With chapter titles such as How to Boil Water, How to be Cheerful through Starving, How Not to Be an Earthworm, Fisher puts a neat spin on how the home cook can vary and expand a war-time diet. This, regarding chowder:

‘There is another well-worn controversy among chowder-lovers as to which is correct, the kind made with milk or the kind made with tomato and water. Long ago it may have been dependent on transportation and climate and so forth, so that in the winter when the cow was still fresh there was milk, and in the summer when the tomatoes were plump and heavy they were used…
Who knows? Furthermore, who cares? You should eat according to your own tastes, as much as possible, and, if you want to make a chowder with milk and tomato, and crackers and potatoes, do it, if the result pleases you…’

And every so often, Fisher brings her typical touch of her love affair with gastronomy. This remembrance, from her time in Switzerland:

‘One (recipe) I remember that we used to make, never earlier than two and never later than four in the morning, in a strange modernistic electric kitchen on the wine terraces between Lausanne and Montreux. We put cream and Worcestershire sauce into little casseroles, and heated them into bubbling. Then we broke eggs into them, turned off the current, and waited until they looked done, while we stood around drinking champagne with circles under our eyes and Viennese music in our heads. Then we ate the eggs with spoons, and went to bed.’

Here is Fisher’s splurge of a recipe for:

Scrambled Eggs

8 good fresh eggs
Half a pint rich cream…or more
Salt and freshly ground pepper
Grated cheese, herbs, whatnot, if desired

Break eggs gently into cold iron skillet. Pour cream in, and stir quietly until the whole is blended, but no more. Never beat or whip. Heat very slowly, stirring from the middle bottom in large curds, as seldom as possible. Never let bubble. Add seasoning at the last stir or two.
This takes perhaps a half hour. It cannot be hurried.
Serve on toast, when it is barely firm.

——

And the one vegetable that might save us all:

‘It is easy to think of potatoes, and fortunately for men who have not much money it is easy to think of them with a certain safety. Potatoes are one of the last things to disappear, in times of war, which is probably why they should not be forgotten in times of peace.’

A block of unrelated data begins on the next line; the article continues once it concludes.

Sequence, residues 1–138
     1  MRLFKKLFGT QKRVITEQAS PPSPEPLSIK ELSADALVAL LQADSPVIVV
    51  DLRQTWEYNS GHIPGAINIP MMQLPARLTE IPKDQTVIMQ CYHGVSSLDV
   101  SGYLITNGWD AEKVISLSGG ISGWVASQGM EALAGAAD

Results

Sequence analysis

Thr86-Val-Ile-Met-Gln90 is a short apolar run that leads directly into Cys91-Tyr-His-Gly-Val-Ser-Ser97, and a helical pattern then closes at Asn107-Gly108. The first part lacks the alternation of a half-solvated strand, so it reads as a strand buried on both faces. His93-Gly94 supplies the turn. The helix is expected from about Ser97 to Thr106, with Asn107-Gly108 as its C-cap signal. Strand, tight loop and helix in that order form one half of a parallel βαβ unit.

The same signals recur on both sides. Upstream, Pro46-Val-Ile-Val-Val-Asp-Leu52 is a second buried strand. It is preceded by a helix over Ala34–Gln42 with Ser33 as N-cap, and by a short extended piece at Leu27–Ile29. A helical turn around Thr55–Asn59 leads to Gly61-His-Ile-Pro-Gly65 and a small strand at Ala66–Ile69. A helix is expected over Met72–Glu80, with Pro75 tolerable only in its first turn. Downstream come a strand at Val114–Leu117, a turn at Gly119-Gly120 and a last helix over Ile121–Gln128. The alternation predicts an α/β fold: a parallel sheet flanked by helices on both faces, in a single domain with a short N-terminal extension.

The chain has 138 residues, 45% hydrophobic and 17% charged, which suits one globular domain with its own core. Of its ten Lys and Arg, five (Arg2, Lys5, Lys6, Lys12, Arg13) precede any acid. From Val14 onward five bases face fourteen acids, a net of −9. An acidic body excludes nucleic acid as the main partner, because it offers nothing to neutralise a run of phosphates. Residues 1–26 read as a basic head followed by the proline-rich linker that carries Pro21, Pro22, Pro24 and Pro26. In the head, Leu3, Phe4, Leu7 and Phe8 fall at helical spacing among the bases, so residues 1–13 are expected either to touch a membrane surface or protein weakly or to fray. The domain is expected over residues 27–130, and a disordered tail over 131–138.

Quick Potato Soup

1/4 pound good butter
4 large potatoes
4 large onions
2 quarts whole milk
Salt, pepper, minced parsley if agreeable

Melt the butter in large kettle, or in fireproof casserole in which the soup can be served. Grate the clean potatoes into it. (I like to leave them unpeeled, but the soup is not so pretty unless chopped fresh herbs, added at the last, change its natural whiteness enough to hide the bits of brown skin.) Grate the peeled onions into it, or slice them very thin. Heat the mixture to bubble-point, stirring well. Then reduce the heat, and cover closely for about ten minutes or until the vegetables are tender but not mushy, shaking the pot now and then to prevent sticking. Add more butter (or chicken fat) if it seems wise. Heat the milk to boiling point but not beyond, add slowly to the pot, season, and serve.

——

Though I got the shudders when Fisher mentioned cooking with canned cream of mushroom soup (too many flashbacks to the church fundraiser cookbook recipes), war time cooks didn’t have a lot of options. You had to do what you had to do, with what you had. Fresh food was not much of an option, unless you got it from your own back yard garden, be it through vegetables and/or small livestock. A recipe for Tomato Soup Cake? Hunger will change anyone’s opinions about any food oddity.

‘But in each one of them there is a basic thoughtfulness, a searching for the kernel in the nut, the bite in honest bread, the slow savor in a baked wished-for apple. It is this thoughtfulness that we must hold to, in peace or war, if we may continue to eat to live.’

With a hat off to all the churches, schools, and libraries that have published a fundraiser cookbook, here is a recipe from the Arthur Public Library’s Centennial Cookbook, 2001:

Pour-a-Pizza

1 pkg. instant beef bouillon per serving
1 c. tomato juice per serving

Empty the bouillon into each cup. Add the spice or spices of your choice (red pepper, oregano, garlic salt). Heat the tomato juice to boiling; pour into each cup with the bouillon. Stir and serve.

The March Online Book Choice Is:

My Struggle: Book 1 by Karl Ove Knausgaard